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When Learning's triumph o'er her barbarous foes
A loose he gave to his unbounded soul,
And, passing Nature's bounds, was something more.
IN presenting the first volume of this edition of the Works of Shakspeare to the notice of the Public, the Editor deems it expedient to point out the leading features by which it is distinguished.
The text of Malone, as published in 1821, in twenty-one volumes, is scrupulously followed; and a brief Historical Sketch and Argument are affixed to each Play.
Dr. Johnson has observed in his excellent Preface, that notes are often necessary, but a necessary evil:' such only are inserted as may serve to elucidate obscure passages, or to explain obsolete words and phrases; by which the Editor hopes to obtain for his work the
The attention of the youthful reader will be
The Illustrations are drawn from the one
The number and quality of the Illustrations,
1. Portrait of Shakspeare. Frontispiece.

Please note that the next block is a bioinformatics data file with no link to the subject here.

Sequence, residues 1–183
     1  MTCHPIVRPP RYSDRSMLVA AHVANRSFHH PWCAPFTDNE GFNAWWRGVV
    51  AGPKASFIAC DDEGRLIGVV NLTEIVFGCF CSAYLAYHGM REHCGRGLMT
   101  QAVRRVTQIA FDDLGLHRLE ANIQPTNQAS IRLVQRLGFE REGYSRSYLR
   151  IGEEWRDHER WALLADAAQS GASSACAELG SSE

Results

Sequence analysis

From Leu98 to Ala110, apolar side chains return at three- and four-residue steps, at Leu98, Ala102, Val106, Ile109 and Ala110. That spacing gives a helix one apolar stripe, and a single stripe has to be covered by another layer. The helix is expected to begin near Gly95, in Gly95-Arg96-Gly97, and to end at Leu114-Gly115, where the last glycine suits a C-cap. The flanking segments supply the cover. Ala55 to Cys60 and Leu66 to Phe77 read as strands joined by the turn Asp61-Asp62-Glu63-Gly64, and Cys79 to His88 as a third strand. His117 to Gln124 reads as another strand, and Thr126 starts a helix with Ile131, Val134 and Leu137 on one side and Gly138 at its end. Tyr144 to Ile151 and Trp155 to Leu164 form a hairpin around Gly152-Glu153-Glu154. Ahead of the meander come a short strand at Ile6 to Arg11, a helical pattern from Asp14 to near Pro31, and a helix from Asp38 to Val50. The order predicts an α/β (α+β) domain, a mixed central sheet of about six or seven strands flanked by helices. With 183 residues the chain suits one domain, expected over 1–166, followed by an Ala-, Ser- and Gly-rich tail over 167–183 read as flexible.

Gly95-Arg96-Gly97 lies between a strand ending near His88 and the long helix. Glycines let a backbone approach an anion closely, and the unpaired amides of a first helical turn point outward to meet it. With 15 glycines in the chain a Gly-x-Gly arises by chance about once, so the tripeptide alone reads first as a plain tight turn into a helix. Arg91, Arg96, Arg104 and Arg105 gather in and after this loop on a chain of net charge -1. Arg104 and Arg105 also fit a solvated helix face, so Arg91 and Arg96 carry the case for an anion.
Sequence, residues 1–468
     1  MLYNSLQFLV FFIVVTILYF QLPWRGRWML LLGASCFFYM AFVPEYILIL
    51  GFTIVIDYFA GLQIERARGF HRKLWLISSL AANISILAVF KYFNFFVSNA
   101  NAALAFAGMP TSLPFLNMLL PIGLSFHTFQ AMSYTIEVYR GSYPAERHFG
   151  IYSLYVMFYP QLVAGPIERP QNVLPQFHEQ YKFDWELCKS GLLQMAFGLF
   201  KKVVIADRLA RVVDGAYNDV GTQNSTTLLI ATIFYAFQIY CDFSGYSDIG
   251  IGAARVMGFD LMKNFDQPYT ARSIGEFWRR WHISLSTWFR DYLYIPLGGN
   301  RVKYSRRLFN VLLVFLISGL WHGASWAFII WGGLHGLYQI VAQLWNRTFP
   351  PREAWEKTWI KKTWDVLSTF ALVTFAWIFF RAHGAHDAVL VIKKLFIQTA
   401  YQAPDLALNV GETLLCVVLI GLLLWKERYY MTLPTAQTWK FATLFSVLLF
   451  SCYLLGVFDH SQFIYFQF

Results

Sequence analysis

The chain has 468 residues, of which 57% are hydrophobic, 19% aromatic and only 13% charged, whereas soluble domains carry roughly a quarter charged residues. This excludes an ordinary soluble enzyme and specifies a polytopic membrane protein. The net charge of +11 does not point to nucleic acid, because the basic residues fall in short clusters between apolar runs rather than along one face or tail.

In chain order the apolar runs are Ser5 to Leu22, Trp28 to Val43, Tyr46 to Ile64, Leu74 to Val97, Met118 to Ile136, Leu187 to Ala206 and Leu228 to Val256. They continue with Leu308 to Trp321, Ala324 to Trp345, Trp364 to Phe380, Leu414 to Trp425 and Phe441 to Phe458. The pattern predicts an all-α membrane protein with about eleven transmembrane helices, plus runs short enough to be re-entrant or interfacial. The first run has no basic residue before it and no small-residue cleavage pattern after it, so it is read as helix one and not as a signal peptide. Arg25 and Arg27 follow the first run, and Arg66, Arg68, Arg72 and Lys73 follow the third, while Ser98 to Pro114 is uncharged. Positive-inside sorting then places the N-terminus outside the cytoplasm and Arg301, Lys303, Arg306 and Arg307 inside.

2. Shakspeare nursed by Tragedy and Comedy, from a
Painting by Romney.
3. Infant Shakspeare attended by Nature and the Pas
4. The Monument of Shakspeare in Stratford Church.
5. Shakspeare between Poetry and Painting.-Banks.
6. Prospero and Miranda before the cell of Prospero. -Romney.
7. Prospero, Miranda, and Ariel.—Hamilton.
8. Prospero, Miranda, Caliban, and Ariel.—Fuseli. 9. Trinculo, Stephano, and Caliban.-Smirke.
10. Ferdinand and Miranda.-Hamilton.
TWO GENTLEMEN OF VERONA.
13. Valentine, Proteus, Silvia, and Julia.—Angelica
14. Valentine, Proteus, Silvia, and Julia.-Stothard.
11. Prospero, Ferdinand, Miranda, Mask, &c.-Wright. 12. Ferdinand and Miranda playing at Chess.—Wheatley